There was quite a community of writers in the Left Bank in those days, including many of our best black writers who left to escape racial oppression and lack of respect. Regardless of the reason, many were drawn to the sense of freedom in postwar Paris... in addition to Baldwin, Richard Wright, Gertrude Stein, Samuel Beckett, Simone de Beauvoir, Jean-Paul Sartre, and Albert Camus all found Paris cafe life to be fertile ground for their writing. These writers weren't the first or last for whom this was true: their experience in Paris echoed that of the Lost Generation (Hart Crane, e. e. cummings, John Dos Passos, William Faulkner, F. Scott Fitzgerald, Ernest Hemingway, Thornton Wilder, T.S. Eliot, Ezra Pound, Thomas Wolfe, etc) and foreshadowed that of the Beat Generation (Jack Kerouac, Allen Ginsberg, William S. Burroughs, Neal Cassady, Richard Brautigan, Charles Bukowski, LeRoi Jones, Ken Kesey, Kenneth Patchen, Gary Snyder, etc).

Saturday, November 08, 2003

Oolong rides again

You may know of Oolong, the Japanese rabbit. For years we were entertained by pictures of Oolong balancing things (usually pastries) on his head. Well, the good news is that Oolong's human has a new rabbit, so the tradition continues. Stop by and say hello to Yuebing.

Wednesday, November 05, 2003

Happy Guy Fawkes Day

After Queen Elizabeth I died in 1603, the bitter feud between the Catholics and the Protestants grew even more intense when the Catholics realized that the new king, James I, was not going to be more tolerant of their religion. Some of them decided to do something about it...

Guy Fawkes and his friends decided that the most effective way to influence politics was to start blowing things up (remarkable how little things have changed since then, really), and they figured that they might as well get right to the point and blow up the Houses of Parliament. Alas, one of their numbers became concerned that innocent people might be killed, and sent an anonymous letter warning a friend to stay away from the HoP on 5 Nov 1605. The warning letter was taken to the king, whose soldiers stormed into a cellar of the parliament to find Guy Fawkes sitting on 36 barrels of gunpowder.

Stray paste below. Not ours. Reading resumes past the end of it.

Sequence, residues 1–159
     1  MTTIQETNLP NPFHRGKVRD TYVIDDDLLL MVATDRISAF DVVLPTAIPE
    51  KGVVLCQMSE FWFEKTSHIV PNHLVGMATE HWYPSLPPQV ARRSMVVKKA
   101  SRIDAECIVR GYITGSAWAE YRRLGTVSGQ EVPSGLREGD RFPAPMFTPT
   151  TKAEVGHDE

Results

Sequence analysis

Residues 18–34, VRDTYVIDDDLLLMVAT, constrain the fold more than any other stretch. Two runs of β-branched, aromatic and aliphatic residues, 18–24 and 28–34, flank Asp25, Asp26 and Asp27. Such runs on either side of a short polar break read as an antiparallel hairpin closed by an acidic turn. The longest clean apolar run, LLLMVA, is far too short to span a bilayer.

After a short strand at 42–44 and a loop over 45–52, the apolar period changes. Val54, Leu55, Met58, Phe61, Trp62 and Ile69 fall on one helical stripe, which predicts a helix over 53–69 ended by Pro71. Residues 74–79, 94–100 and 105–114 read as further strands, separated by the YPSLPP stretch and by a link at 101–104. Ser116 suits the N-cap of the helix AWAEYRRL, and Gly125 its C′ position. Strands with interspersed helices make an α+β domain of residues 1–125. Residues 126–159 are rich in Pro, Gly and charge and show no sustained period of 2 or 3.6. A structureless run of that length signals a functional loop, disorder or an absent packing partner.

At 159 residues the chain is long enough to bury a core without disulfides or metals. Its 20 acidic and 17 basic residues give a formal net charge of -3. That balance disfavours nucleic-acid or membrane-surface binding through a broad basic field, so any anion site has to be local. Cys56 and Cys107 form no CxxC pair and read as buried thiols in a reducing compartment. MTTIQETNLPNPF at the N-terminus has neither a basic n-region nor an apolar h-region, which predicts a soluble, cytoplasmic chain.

Needless to say, they quickly tied him to a stake and lit him on fire, which was common enough back then. And for the 398 years since that day, each November 5th Britain has celebrated the defeat of the Gunpowder Plot by lighting huge bonfires, many of which are topped with effigies of Guy Fawkes.

I've asked my British friends what they think of this, and some of them are of the mind that the point of the ritual is to remind people that, once upon a time, people would get off their asses and try (however misguidedly, and for however absurd a cause) to change things. Of course, the rest of the rest of the populace is celebrating the fact that those who tried to upset the Way Of Things got their due.

Alan Moore, whose writings often explore the history and mindset of his native Britain (as in the movies 'From Hell' and 'League of Extraordinary Gentlemen'), has written a great story called 'V for Vendetta' that revolves around a character styled on Guy Fawkes. (Not to be confused with the lesbian math-rock divas of the same name.) The Wachowski brothers (think 'Matrix') are working on a screenplay to turn 'V for Vendetta' into a movie.


The old blog,, has died. The new blog,, takes its place. I don't know what that means in terms of content, but it sure as hell is easier to type.

Tuesday, November 04, 2003

Broadcast flag

The FCC today adopted the MPAA's 'broadcast flag' recommendations... which means that all media-enabled electronics produced in or for the US from this time forward are required to implement hardware that detects the presence of the flag and, if the flag is found, restricts the operation of the device (digital rights management, and all that). What does this mean for you? The first thing that comes to mind is that those fancy PVR's/DVR's that can strip commercials out of broadcasts will lose that ability. The second thing that comes to mind is that companies are already making CDs that can't be played in your computer (and even in some CD players)... what will they do now that they have been given free reign to limit your hardware's ability to perform as you wish it to?

Sunday, November 02, 2003

Goodbye for ever once again: music that tears itself apart

I never thought I'd hear myself say these words about a man with an accordion, but Jason Webley was awesome... brilliant and inspired. The string quartet and brass section that accompanied him were excellent, as was his handling of the crowd: he doesn't just play music, he performs, and he does a damned good job at it.